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Can Higher Prices Stimulate Product Use? Evidence from a Field Experiment in Zambia

  • Nava Ashraf
  • James Berry
  • Jesse M. Shapiro

The controversy over whether and how much to charge for health products in the developing world rests, in part, on whether higher prices can increase use, either by targeting distribution to high-use households (a screening effect), or by stimulating use psychologically through a sunk-cost effect. We develop a methodology for separating these two effects. We implement the methodology in a field experiment in Zambia using door-to-door marketing of a home water purification solution. We find that higher prices screen out those who use the product less. By contrast, we find no consistent evidence of sunk-cost effects.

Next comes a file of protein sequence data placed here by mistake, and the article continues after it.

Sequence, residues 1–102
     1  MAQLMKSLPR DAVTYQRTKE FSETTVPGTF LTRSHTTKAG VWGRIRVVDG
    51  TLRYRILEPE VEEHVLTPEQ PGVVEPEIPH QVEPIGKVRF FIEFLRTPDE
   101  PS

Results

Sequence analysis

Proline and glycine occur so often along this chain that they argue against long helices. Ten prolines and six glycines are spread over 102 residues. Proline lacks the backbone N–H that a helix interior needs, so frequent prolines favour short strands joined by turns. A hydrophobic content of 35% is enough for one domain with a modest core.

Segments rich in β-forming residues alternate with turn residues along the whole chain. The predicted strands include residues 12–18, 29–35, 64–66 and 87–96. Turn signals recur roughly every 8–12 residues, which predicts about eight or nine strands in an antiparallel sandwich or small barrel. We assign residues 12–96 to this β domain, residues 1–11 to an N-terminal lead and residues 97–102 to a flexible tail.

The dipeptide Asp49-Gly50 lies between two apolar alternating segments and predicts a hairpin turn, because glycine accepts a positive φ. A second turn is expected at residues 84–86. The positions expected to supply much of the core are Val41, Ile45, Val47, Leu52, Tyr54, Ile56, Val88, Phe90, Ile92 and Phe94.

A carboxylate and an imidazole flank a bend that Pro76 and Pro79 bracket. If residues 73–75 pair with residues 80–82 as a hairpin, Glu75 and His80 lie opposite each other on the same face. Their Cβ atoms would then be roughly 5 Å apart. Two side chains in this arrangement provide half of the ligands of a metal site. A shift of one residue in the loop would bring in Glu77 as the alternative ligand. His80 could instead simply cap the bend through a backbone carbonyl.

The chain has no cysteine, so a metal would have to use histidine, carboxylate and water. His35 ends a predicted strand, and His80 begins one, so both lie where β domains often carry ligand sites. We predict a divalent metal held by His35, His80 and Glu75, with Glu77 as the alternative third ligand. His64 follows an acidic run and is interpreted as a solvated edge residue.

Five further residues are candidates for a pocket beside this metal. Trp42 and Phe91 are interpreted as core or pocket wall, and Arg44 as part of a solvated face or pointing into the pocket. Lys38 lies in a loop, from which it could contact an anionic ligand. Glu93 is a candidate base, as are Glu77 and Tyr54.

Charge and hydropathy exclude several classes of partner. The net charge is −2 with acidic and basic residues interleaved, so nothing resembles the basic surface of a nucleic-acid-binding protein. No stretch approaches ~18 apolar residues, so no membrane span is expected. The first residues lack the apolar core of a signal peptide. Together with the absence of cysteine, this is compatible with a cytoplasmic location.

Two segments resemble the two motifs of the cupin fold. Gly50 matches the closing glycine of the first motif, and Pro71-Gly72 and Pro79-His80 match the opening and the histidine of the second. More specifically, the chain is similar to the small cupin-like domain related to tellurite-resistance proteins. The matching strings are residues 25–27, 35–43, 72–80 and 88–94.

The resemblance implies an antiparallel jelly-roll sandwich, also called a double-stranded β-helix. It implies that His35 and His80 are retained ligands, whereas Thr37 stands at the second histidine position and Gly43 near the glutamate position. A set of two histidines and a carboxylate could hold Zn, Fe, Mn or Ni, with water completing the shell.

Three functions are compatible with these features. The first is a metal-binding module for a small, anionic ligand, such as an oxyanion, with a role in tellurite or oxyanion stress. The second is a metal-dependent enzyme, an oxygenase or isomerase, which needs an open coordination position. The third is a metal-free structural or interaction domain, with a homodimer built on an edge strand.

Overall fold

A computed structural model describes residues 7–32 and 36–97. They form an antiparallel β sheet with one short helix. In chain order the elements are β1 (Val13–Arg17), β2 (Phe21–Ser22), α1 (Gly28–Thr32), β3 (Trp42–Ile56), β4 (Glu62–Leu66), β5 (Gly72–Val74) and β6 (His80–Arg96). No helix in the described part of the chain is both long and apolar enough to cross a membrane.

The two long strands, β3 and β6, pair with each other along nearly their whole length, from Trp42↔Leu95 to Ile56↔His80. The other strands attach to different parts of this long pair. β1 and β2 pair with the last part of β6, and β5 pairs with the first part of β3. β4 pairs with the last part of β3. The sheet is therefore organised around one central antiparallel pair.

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Paper provided by National Bureau of Economic Research, Inc in its series NBER Working Papers with number 13247.

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Date of creation: Jul 2007
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Publication status: published as Nava Ashraf & James Berry & Jesse M. Shapiro, 2010. "Can Higher Prices Stimulate Product Use? Evidence from a Field Experiment in Zambia," American Economic Review, American Economic Association, vol. 100(5), pages 2383-2413, December.
Handle: RePEc:nbr:nberwo:13247
Note: LS HC
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